After another amazing trip to Italy, it was time to make our way back to Glasgow. But first we had to make a quick stop over in Barcelona. This was out first trip to Spain. We were excited about spending the last few days of our trip, eating tapas, drinking sangria and relaxing on the beach.
As we walked the streets of Barcelona, I couldn’t help but notice the many influences in the food and drinks. Some of the bars and restaurants were very much influenced by Mexico, offering nachos, tortillas, enchiladas along with margaritas. Then I noticed the popularity of Mojitos and Caipirinha’s (Cuban cocktails) throughout many establishments. It’s not what I expected in Spain. Despite the wide variety of food and drinks, there is one Spanish icon which is sold everywhere you go, Sangria. A Sangria is a mixer of red (or white) wine, fruit juices and chopped fruit pieces. It’s also common to add some herbs and spices to your sangria for extra flavour. If you’re interested in the history of the sangria, I covered it in a previous blog post (“The Sangria”).
We were both very excited about trying a new cuisine during our time in Spain. No surprise one of the most popular dishes in Barcelona is 'Paella’. Paella is a simple dish which consists of rice, meat and vegetables, all mixed together and cooked in a large pan. In fact, the word “Paella” comes from the latin word ‘patella’ which means pan. It was first served in Valencia in the mid-19th century, and today it is seen as Spain’s national dish. Paella is not often cooked for only one person. It’s a dish which is made in large quantities with the idea being that you share your meal with the people you are with. The sharing philosophy is relevant to most of the food and drink in Spain. The sangria is shared amongst the group, as is the tapas and the paella.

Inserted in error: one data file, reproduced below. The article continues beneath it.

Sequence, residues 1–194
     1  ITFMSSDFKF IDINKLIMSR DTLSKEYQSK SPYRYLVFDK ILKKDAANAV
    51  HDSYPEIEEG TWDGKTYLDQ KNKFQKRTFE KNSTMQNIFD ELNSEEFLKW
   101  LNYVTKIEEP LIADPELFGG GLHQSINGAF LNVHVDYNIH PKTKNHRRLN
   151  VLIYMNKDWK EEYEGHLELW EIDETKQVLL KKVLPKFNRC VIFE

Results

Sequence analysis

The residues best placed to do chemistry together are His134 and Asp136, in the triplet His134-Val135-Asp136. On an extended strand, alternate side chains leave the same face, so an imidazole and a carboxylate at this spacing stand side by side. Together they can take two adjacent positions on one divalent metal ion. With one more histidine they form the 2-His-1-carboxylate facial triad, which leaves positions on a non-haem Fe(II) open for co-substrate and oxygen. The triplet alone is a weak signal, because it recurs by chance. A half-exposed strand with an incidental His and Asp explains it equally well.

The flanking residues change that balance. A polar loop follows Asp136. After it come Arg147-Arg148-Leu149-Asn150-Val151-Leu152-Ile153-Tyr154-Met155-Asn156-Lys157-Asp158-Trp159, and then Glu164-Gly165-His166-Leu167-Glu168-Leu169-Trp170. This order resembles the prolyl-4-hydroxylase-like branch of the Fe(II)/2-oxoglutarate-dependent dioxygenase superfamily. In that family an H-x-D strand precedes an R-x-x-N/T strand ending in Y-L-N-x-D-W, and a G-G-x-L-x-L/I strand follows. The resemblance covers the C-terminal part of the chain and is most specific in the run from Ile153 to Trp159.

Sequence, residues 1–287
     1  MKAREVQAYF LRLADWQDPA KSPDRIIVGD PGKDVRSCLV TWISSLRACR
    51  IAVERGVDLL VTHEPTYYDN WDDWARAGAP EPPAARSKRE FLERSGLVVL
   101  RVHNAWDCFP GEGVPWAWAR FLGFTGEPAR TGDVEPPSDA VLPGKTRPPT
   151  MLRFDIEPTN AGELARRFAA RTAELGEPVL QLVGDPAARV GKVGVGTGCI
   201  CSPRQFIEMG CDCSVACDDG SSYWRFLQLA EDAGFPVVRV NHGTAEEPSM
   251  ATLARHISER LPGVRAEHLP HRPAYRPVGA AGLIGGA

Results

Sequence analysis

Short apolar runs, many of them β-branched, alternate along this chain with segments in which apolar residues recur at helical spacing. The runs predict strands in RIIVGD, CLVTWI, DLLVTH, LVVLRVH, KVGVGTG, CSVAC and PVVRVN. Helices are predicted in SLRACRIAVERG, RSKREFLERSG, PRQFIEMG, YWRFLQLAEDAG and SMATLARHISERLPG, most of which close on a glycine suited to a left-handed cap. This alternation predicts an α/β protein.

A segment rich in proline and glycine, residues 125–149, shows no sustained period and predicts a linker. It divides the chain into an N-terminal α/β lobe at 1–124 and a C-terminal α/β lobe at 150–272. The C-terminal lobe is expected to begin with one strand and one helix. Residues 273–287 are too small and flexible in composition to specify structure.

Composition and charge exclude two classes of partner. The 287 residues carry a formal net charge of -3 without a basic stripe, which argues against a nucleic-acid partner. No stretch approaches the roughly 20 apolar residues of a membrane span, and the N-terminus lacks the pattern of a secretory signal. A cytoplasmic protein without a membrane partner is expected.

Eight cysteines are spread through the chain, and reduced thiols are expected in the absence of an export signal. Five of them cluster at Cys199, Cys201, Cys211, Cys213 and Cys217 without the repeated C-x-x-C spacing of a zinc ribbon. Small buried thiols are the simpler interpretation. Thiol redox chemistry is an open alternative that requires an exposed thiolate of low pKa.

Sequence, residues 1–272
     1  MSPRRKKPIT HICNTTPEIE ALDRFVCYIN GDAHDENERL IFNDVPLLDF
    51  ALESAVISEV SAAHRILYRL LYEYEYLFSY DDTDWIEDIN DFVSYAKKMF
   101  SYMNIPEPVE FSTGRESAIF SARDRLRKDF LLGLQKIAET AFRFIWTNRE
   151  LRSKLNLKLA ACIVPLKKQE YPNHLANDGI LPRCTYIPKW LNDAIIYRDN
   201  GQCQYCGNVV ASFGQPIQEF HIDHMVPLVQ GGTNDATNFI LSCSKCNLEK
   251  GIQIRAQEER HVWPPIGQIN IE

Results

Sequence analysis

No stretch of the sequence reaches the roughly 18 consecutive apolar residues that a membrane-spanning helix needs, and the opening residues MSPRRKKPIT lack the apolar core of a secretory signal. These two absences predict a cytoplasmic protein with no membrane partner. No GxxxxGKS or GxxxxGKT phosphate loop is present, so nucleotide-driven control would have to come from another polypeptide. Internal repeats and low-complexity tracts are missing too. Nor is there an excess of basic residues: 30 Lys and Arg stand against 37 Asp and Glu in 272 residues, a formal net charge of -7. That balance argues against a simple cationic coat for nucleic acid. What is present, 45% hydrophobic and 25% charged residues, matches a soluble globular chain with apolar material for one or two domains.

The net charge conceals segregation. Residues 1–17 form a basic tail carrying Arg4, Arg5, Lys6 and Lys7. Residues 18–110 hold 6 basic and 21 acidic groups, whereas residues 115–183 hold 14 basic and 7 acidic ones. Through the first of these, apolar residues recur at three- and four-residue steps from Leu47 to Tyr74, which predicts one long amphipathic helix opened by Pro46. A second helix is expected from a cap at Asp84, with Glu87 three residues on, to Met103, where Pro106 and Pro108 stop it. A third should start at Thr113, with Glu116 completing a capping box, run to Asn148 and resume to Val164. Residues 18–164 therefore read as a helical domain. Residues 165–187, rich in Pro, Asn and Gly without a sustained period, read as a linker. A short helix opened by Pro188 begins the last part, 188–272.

On this occasion, Cara and I decided to order the chicken paella to go with our sangria. But looking at the menu, there seemed to be endless choices of paella. Offerings of rabbit, duck, pork, seafood, vegetarian and even snail paella all seemed to be popular. It came out from the kitchen still sizzling. After our long day, we didn’t waste time waiting for it to cool down, we dug straight in. What we both loved about the paella is the level of flavour from such a simple dish. The chicken was well seasoned and marinated. This helped to also flavour the rice and vegetables. There was also a strong saffron flavour throughout the dish which is common in many paella’s. Coriander and thyme also featured heavily in our meal. There was also a nice smokey taste, which comes from cooking over an open fire. We thoroughly enjoyed our meal. We knew that it would not be our last paella whilst we were in Spain.
It was a warm night in Barcelona, so after our meal, we walked back to the hotel enjoying a hot summers night, similar to Australia. On our walk we reflected on the day and looked ahead to the rest of our time in Spain. We both agreed that we needed to seek out some quality spanish tapas before we leave. Many of the places we had passed were of course offering many dishes on their tapas menu, but we found it to be much like Italian anti-pasti. We wanted something different, something that we’d never seen nor tried before. So the search was on.